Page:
Welcome to our news and blogs. Here you’ll find the latest developments and insights from across our four longitudinal studies.
Children conceived through medically assisted reproduction who are born small do just as well in cognitive tests during childhood and adolescence as naturally conceived children who are born a normal weight, finds a new study led by UCL researchers.
Information from the NHS about cohort members’ health care and treatment in hospitals has now been linked to two longitudinal cohort studies, which have collected survey data over six decades – the 1958 National Child Development Study (NCDS) and the 1970 British Cohort Study (BCS70).
At this event, organised by CLOSER, we will present results on the measurement properties of mental health measures, before and after harmonising these so that they can be compared across time and study.
CLS are pleased to be presenting at this CLOSER workshop aimed at lecturers. This free one-day workshop will give an overview of longitudinal data available to lecturers who teach and supervise students in quantitative social science subjects.
Held at the University of Edinburgh, this workshop gave both first-time and more experienced data users an insight into four of the UK’s internationally-renowned cohort studies run by the Centre for Longitudinal Studies (CLS). The slides from this workshop are available to download from this page.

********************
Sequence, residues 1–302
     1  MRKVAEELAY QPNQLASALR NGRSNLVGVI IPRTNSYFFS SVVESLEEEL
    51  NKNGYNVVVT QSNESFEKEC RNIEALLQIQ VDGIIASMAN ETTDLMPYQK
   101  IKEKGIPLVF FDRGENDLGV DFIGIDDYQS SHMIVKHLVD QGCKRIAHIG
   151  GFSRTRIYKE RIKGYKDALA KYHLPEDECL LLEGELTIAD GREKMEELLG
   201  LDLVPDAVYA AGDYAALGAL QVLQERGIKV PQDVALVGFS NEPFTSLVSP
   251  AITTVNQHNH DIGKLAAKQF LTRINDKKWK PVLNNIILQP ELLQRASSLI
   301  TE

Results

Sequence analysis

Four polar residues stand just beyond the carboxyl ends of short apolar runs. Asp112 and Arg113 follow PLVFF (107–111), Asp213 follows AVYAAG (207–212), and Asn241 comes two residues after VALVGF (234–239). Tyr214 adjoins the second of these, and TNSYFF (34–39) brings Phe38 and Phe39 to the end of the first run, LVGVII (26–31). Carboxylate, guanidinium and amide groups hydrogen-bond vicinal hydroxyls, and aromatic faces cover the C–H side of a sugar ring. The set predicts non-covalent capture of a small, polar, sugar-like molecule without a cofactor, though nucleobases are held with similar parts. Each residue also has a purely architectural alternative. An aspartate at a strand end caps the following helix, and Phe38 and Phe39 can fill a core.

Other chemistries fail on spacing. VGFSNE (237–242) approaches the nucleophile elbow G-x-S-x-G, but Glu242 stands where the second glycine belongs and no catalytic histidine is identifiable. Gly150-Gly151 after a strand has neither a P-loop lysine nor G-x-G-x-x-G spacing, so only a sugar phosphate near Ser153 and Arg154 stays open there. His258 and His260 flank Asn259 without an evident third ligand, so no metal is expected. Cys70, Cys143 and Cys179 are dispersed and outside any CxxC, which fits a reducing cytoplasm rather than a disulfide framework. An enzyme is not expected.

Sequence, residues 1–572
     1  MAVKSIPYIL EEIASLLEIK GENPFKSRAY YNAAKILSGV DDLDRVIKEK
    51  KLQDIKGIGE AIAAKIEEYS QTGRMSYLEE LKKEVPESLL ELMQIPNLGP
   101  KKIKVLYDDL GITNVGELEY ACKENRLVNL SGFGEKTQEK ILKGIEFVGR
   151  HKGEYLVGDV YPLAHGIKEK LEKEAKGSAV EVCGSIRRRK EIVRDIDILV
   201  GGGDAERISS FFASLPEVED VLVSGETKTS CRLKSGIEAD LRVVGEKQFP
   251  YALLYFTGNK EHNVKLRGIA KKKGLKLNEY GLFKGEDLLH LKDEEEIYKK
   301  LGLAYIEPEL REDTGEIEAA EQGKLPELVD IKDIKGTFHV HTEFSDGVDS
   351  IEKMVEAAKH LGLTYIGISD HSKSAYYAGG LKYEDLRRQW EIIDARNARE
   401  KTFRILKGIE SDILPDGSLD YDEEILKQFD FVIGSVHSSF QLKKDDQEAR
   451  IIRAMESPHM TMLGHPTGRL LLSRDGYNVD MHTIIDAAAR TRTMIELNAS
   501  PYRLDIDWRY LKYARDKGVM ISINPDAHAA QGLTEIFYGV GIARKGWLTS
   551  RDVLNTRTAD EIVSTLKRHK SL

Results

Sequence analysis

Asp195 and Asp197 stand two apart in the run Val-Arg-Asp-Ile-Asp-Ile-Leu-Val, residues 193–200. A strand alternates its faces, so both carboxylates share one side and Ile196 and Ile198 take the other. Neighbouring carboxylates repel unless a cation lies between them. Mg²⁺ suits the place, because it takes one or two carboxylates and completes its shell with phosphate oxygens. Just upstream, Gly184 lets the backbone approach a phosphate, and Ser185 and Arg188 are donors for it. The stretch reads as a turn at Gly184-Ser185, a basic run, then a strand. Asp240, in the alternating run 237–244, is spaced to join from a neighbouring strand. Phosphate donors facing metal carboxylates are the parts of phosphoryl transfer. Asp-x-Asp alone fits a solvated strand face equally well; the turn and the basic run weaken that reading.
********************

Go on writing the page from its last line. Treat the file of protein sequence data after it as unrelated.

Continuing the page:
The National Child Development Study (NCDS) is “one of the most influential pools of data that possibly the world has ever seen”, explains the former Labour minister and chair of the Social Mobility Commission, Alan Milburn, in a new short documentary film from the Centre for Longitudinal Studies (CLS).
The latest version of the National Child Development Study: Partnership Histories (1974-2013) has been released at the UK Data Service.
Researchers have called into question the apparent benefits of light alcohol consumption – as well as the supposed ‘risks’ of not drinking – after examining the drinking habits of middle-aged Britons.
The mental capacity of 11-year-olds helps predict their financial success in later life, according to findings from the 1958 British birth cohort.
This session introduced the study to both first-time and more experienced data users, focusing on the most recent data from the mixed mode age 55 survey. A recording of the webinar is available to view on the event page.
More than 9,100 members of the 1958 National Child Development Study (NCDS) took part in the age 55 survey which ran between September 2013 and March 2014.
The age 55 survey of the 1958 National Child Development Study (NCDS) has now begun. Approximately 11,500 cohort members will be invited to take part.
Should large-scale longitudinal surveys – like the cohort studies – embrace web-based tools alongside more traditional methods of data collection?
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